Book review: The Skeleton Road, by Val McDermid
The Skeleton Road
by Val McDermid
Atlantic Monthly Press
Val McDermid pulls together a complicated tale of war and its aftermath for a plot that feels both intensely personal and global. The Skeleton Road moves at a brisk pace, giving attention to each of its myriad characters as the action moves from Scotland to England to Croatia.
Detective Chief Inspector Karen Pirie with the Historic Cases Unit - Scotland's official name for the cold case unit - is called to a decaying Victorian building where a demolition crew has found a skeleton.
The site is a favourite of free climbers who use these old buildings as their personal urban mountains. But this skeleton, which has been hidden for nearly eight years, has a bullet hole in its head.
Pirie and her team link the skeleton to Dimitar "Mitja" Petrovic, a general in the Croatian army who emigrated to England following the Balkan conflict.
There, he lived with Oxford University professor Maggie Blake, who met him when she worked as an academic in Dubrovnik during the war. Blake has never got over Petrovic, who she believes left her more than eight years ago to return home. The Skeleton Road gracefully moves from Pirie's investigation to Blake's life and her memories of the war and Petrovic.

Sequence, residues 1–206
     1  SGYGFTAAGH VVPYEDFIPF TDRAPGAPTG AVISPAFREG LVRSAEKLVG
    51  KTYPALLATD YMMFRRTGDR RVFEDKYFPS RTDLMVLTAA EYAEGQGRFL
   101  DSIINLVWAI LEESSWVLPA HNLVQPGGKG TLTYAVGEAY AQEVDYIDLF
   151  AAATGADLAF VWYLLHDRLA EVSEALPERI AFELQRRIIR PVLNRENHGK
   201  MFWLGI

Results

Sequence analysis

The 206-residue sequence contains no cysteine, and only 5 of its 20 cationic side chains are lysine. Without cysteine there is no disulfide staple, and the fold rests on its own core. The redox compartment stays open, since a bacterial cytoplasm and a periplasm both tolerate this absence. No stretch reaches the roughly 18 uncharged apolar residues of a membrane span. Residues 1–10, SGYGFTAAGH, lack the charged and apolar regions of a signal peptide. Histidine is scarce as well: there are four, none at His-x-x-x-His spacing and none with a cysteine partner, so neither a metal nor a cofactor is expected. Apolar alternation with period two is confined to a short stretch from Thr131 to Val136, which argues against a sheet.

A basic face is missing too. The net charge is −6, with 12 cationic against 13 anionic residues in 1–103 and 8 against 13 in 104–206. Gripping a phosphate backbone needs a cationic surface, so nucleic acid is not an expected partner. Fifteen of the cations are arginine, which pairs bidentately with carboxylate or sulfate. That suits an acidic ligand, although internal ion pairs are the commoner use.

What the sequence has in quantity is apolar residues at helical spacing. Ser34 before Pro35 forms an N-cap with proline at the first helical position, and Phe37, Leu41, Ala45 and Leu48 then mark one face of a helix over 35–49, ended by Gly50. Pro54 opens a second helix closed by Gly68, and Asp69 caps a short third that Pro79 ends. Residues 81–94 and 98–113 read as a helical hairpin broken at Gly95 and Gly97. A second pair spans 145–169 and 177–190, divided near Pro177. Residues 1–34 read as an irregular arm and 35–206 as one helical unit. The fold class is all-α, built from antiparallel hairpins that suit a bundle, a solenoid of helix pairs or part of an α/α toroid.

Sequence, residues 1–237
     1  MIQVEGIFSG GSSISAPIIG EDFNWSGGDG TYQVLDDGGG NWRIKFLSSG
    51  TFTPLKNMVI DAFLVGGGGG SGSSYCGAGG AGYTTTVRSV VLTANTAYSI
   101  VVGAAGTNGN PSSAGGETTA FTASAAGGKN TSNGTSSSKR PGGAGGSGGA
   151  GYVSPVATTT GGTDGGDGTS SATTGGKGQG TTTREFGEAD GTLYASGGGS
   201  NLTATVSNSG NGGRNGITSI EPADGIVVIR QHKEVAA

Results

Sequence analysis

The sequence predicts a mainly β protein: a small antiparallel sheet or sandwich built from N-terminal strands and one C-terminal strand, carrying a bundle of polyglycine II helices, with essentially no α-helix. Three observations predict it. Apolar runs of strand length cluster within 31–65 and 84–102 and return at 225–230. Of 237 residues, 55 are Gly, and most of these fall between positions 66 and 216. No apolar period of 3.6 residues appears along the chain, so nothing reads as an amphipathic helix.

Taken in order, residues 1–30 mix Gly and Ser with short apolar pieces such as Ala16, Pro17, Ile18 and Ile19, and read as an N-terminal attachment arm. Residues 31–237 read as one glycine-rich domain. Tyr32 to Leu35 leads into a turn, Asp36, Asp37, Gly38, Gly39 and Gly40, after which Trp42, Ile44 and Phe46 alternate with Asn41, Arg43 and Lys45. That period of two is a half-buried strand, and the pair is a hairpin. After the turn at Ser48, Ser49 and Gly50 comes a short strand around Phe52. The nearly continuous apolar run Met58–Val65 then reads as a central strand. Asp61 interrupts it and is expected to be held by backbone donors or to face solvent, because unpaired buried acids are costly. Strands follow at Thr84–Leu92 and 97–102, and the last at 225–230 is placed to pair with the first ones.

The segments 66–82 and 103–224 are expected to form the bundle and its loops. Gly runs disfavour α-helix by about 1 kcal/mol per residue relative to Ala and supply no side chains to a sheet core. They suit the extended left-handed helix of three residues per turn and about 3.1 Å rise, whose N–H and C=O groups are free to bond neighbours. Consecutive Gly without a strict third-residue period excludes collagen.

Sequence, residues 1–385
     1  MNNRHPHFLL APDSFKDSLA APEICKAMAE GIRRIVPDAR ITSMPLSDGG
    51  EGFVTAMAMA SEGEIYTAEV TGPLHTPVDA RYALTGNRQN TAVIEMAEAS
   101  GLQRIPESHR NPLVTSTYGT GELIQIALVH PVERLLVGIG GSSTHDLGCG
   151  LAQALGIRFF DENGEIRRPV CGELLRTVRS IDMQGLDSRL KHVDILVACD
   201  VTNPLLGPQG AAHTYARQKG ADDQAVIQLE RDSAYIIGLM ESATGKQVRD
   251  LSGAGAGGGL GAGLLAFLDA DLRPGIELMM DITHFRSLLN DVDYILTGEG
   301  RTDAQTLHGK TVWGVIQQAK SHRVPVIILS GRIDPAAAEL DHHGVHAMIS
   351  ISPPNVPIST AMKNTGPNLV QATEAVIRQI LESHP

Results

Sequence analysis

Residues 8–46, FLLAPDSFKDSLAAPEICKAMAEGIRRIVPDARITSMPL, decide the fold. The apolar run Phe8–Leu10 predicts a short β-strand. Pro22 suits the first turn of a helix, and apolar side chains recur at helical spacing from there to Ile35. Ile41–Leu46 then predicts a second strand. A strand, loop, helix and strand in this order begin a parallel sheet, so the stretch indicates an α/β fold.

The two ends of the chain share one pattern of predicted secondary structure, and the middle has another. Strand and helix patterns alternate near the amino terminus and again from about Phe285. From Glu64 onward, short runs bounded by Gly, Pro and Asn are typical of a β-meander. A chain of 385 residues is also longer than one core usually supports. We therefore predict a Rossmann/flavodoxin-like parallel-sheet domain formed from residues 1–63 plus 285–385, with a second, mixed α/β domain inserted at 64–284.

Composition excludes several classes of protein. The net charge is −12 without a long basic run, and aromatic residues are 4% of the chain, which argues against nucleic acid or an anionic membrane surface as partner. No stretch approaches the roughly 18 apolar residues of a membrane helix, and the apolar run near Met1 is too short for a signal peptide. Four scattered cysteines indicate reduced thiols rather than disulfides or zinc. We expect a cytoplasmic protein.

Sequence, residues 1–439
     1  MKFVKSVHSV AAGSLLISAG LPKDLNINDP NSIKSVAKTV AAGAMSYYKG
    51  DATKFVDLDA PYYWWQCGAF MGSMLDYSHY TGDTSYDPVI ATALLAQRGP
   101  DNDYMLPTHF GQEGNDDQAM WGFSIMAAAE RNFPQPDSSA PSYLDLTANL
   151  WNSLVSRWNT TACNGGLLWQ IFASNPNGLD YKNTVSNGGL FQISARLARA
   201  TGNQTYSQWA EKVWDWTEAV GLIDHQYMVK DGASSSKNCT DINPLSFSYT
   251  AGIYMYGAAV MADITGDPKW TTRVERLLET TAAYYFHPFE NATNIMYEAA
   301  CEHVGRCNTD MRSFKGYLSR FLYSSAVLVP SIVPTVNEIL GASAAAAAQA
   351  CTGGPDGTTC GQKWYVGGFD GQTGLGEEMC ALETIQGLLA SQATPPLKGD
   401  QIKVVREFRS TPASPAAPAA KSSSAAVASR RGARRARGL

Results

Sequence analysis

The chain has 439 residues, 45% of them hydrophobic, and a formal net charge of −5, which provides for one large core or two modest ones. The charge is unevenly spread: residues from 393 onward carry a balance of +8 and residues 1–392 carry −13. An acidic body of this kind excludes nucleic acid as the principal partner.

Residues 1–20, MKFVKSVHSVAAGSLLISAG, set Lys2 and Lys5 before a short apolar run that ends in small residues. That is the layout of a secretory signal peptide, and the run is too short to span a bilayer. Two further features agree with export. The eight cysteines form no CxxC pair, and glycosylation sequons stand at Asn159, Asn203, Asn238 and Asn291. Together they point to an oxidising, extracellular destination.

Meanwhile, two members of an international war crimes tribunal also are seeking Petrovic as they try to find out who is meting out "rough justice" by killing people accused of war atrocities before they can be indicted.
Without being overly graphic, The Skeleton Road depicts the horrors of the Serb-Croat war during the 1990s, including both genocide and personal betrayal. Blake's war memories, which she chronicled in a highly praised book, delve into the personal cost of war while exhibiting the effects on a nation.
Pirie, introduced in McDermid's A Darker Domain, once again proves herself a formidable character worthy of her own series. The detective's personal and professional life add texture to The Skeleton Road.